The Jew And The Carrot

Kosher Food Coming to Senate Cafeteria

By Nathan Guttman

  • Print
  • Share Share
istock photos

Some good news for hungry Jewish Capitol Hill staffers, lobbyists and politicos.

The Senate cafeteria will soon begin offering kosher food alongside its regular specialties (which include the famous ham-and-bean soup). As first reported this week in The Washington Post, the cafeteria has reached an agreement with a local kosher deli to provide pre-packed sandwiches and meals at the Senate.

“I am thrilled that the Senate cafeteria is providing kosher food for Senators, staff and visitors,” said William Daroff, who heads the Washington office of the Jewish Federations of North America and frequently visits Capitol Hill when lobbying for Jewish causes, “It is truly a much-needed accommodation to ensure that all Americans are able to break bread in our halls of power.”

Finding kosher food in Washington is not an easy task, and Capitol Hill is even more of a challenge. The nation’s capital has only a handful of kosher restaurant,s and the latest attempt to open a kosher food establishment adjacent to Congress collapsed with the fall from grace of its proprietor, convicted lobbyist Jack Abramoff.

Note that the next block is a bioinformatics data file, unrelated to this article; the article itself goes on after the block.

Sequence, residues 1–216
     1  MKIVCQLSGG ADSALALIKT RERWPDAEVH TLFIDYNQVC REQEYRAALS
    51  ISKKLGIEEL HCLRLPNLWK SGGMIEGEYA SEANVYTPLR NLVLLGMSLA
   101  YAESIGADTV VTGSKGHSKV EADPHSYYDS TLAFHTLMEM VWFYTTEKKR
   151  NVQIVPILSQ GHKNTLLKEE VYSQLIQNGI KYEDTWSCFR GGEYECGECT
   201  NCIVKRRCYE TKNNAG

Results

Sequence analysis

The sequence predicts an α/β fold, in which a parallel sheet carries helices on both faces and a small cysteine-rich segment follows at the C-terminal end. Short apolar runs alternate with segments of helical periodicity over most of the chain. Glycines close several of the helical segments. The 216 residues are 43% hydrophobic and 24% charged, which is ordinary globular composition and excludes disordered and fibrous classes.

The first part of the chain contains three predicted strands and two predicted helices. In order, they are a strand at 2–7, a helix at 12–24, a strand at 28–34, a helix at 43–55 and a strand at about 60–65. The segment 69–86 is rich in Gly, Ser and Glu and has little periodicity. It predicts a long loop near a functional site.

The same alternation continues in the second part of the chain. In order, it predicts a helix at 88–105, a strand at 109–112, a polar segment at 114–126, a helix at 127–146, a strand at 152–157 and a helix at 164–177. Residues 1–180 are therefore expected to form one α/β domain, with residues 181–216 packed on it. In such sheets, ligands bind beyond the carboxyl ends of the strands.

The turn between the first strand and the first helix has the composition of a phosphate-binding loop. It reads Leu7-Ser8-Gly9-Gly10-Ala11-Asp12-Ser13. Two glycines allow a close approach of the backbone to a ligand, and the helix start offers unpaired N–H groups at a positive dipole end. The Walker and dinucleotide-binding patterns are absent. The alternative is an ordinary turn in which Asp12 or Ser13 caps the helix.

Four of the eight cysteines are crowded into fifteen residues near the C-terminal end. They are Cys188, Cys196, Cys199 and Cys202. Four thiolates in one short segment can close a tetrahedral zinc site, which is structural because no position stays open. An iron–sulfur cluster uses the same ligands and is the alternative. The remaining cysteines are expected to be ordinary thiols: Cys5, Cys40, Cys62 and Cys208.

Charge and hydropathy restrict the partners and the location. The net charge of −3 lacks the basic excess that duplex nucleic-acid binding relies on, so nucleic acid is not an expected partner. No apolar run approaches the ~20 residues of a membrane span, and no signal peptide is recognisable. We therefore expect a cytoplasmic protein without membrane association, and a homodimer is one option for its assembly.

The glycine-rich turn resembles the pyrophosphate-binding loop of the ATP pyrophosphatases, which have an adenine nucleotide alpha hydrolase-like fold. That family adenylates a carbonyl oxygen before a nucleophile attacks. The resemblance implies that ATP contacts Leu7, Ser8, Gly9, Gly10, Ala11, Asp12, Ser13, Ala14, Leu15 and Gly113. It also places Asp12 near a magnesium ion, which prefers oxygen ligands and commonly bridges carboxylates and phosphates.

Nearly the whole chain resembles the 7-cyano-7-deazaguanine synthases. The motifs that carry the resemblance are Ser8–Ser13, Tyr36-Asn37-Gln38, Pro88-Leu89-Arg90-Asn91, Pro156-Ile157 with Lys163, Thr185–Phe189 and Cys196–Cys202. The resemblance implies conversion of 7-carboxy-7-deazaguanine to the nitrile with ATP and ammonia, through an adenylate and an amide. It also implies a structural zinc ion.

At times, kosher events have been held in Congress, such as the reception hosted by the speaker of the House for Israeli Prime Minister Benjamin Netanyahu after his speech to Congress in May.

“We’ve been having kosher food on Capitol Hill for years, but not as readily available as this will be,” said Rabbi Levi Shemtov, Chabad’s Washington representative, who added that at last he will be able to actually have a meal on the Hill instead of making do with “a bottle of water and a bag of potato chips.”

So, who will enjoy the Senate’s kosher food?

Of the dozen Jewish senators, Joseph Lieberman of Connecticut, is the only one who is Orthodox and presumably keeps kosher.

Lieberman, however, is not seeking re-election and will be leaving the Senate in January 2012. But there are still many Capitol Hill workers who would like to replace their lunchboxes with a kosher meal at the cafeteria. One of them, a young Senate committee staffer, was the one who came up with the idea to make the connection between the chamber’s cafeteria and a kosher caterer, which eventually led to this new initiative.


Permalink | | Share | Email | Print | Filed under: william daroff, senate, rabbi levi shemtov, kosher, capitol hill, cafeteria

The Jewish Daily Forward welcomes reader comments in order to promote thoughtful discussion on issues of importance to the Jewish community. In the interest of maintaining a civil forum, The Jewish Daily Forwardrequires that all commenters be appropriately respectful toward our writers, other commenters and the subjects of the articles. Vigorous debate and reasoned critique are welcome; name-calling and personal invective are not. While we generally do not seek to edit or actively moderate comments, our spam filter prevents most links and certain key words from being posted and The Jewish Daily Forward reserves the right to remove comments for any reason.